US 3464921 A
Description (OCR text may contain errors)
United States Patent 3,464,921 FIRE EXTINGUISHING PROCESS AND METHOD Werner G. Erler, Bielfeldstr. 5, Hamburg-Altona, Germany, and Siegfried Gerber, Schillingskoppel 5f, Hamburg-Sasel, Germany No Drawing, Filed June 13, 1966, Ser. No. 556,922
Int. Cl. A62d 1/00 US. Cl. 2522 13 Claims ABSTRACT OF THE DISCLOSURE This invention generally relates to fire extinguishing and is particularly directed to a novel composition in dry powder form, suitable for extinguishing fires.
Fires are usually classified as to groups or classes. In the United States, class A, B, C and D fires are thus generally recognized, wherein class A refers to fires of paper, wood, textile, rubbish and the like, class B to fires of flammable liquids which have a tendency to ignite, class C relates to fires of electrical equipment, while class D indicates metallic fires. Similar classifications have been adopted in other countries. In Germany, for example, class A fires refer to glowing fires, i.e. fires developing red heat, while class B relates to liquid fires. Class C, in turn, indicates fires of gas under pressure, and class D has reference to metal fires including radiation fires. Accord ing to the German classification, class E refers to fires of electrical equipment.
The inventive fire extinguishing composition is suitable for combatting fires of all classes, and in doing so, one or several of the components of the composition may be correspondingly varied to increase the eifectiveness of the fire extinguishing composition for a particular class of fire.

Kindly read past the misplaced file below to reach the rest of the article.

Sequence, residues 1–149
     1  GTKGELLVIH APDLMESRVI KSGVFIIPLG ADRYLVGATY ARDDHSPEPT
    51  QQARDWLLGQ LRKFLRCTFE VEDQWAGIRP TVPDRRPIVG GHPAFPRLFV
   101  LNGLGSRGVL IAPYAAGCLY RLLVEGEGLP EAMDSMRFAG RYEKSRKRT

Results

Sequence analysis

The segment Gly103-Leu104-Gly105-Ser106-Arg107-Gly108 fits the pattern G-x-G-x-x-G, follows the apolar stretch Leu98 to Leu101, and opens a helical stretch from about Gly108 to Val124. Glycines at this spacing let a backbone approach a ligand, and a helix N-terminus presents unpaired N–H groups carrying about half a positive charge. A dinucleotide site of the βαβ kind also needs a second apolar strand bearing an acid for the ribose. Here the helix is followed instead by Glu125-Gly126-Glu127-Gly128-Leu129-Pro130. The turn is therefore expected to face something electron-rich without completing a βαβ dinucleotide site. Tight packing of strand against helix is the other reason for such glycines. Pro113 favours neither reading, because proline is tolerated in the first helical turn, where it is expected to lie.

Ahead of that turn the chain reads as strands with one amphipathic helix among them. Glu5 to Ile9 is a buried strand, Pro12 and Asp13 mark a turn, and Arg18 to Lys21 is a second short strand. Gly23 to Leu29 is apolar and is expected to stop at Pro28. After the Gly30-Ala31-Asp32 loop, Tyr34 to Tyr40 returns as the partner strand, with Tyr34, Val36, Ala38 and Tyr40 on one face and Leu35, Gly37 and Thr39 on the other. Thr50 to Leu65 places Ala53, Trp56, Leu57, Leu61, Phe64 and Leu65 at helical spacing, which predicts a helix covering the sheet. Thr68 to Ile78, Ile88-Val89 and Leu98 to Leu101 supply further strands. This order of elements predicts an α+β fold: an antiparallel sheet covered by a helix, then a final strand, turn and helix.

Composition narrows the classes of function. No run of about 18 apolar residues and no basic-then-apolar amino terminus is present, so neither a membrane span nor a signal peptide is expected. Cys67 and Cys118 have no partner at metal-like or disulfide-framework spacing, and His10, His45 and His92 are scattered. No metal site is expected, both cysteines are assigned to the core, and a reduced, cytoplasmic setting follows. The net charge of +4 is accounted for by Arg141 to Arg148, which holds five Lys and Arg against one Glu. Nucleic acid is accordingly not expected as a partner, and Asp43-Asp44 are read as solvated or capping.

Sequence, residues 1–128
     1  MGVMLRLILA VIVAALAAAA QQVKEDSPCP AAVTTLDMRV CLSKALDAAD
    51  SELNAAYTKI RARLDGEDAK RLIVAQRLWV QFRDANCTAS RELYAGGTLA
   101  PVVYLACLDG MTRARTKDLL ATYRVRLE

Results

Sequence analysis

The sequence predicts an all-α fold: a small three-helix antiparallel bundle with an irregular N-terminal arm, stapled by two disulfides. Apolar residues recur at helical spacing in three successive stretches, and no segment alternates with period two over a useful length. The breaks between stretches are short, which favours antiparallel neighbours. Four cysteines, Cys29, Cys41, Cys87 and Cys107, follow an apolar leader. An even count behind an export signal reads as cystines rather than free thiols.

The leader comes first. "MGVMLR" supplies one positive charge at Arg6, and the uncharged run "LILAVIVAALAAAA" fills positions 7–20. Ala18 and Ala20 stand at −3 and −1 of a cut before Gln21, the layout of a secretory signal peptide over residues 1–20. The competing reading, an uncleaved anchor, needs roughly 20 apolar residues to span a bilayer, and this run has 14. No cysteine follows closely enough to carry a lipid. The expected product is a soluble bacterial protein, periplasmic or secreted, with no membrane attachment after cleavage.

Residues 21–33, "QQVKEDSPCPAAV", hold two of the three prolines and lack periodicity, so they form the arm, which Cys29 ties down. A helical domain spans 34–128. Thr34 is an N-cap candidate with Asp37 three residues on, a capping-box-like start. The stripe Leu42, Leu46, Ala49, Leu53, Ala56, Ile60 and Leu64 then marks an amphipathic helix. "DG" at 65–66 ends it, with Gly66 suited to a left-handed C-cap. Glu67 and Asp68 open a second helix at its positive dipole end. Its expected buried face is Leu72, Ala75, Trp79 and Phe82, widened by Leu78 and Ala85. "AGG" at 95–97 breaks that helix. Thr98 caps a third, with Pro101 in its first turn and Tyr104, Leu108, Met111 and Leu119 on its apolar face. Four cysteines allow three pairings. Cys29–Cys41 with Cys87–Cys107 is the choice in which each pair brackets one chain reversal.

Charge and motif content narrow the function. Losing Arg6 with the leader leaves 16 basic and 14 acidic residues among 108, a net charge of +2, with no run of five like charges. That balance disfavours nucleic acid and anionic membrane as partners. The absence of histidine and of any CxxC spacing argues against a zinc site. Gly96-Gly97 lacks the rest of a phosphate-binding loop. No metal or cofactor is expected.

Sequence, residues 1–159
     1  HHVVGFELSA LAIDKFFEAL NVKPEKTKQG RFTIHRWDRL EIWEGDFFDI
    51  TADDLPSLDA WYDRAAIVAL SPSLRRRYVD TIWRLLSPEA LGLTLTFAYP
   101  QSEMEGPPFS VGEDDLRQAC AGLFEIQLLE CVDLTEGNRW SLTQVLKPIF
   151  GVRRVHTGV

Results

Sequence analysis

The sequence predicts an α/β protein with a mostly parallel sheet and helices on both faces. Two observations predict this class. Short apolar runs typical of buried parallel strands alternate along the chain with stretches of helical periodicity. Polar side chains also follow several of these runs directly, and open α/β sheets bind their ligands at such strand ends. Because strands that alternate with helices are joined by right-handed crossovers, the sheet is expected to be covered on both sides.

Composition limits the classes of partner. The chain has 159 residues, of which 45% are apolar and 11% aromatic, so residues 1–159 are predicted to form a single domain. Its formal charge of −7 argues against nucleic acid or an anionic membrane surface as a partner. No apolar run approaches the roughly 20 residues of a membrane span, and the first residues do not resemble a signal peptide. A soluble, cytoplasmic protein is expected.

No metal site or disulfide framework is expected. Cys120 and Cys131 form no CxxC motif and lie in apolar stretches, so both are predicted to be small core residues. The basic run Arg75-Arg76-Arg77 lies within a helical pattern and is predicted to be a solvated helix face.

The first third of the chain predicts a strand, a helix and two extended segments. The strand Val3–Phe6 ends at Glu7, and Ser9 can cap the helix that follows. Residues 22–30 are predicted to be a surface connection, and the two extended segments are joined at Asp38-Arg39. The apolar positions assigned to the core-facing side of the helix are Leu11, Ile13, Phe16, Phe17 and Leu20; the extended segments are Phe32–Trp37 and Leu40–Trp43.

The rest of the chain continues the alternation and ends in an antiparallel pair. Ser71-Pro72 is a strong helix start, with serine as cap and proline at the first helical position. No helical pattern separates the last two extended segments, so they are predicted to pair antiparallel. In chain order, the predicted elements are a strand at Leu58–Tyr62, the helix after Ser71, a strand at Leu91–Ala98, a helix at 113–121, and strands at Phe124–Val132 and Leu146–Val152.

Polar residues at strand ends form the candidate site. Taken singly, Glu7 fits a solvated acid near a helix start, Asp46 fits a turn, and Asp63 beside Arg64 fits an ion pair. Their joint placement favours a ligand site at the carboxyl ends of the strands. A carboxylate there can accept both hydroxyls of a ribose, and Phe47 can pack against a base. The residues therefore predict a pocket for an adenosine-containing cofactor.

It has previously been suggested to combat metal fires with a fire extinguishing agent which essentially consists of an inert material such as sodium chloride and an organic substance which has a tendency to carbonize or char, as for example a mixture of hard or dry pitch and an easily flammable material as, for example, polyethylene or hard paraflin. In order to improve the flowability, trickling or pouring capacity of the material and to increase the water repelling characteristics, such prior art compositions have also been admixed with talcum powder, tricalcium-phosphate or stearates. These prior art fire extinguishing compositions have, however, several significant disadvantages. Hard pitch, polyethylene or hard paraflin are diflicult to process into a fire extinguishing composition, their characteristics are greatly dependent on the prevailing heat conditions and, moreover, they have a pronounced tendency to adhere to each other. During grinding and mixing of these components, unavoidable temperature increases thus easily result in lump formation. The adhesion tendency of the powder particles of finely ground inorganic material leads oftentimes to lump formation. This tendency is, of course, significantly increased in respect to thermoplastic organic materials.
Patented Sept. 2, 1969 Accordingly, it is a primary object of this invention to overcome the disadvantages of the prior art fire ex-- tinguishing powders and to provide a fire extinguishing composition which has pronounced fire combatting properties, superior to those of the prior art compositions.
Another object of this invention is to provide for a fire extinguishing material in dry powder form, which is easily prepared and which has no pronounced tendency to form lumps but has superior flowability and may be stored for prolonged periods of time without deterioration.
It is an object of this invention to provide for an improved method of combattin g fires.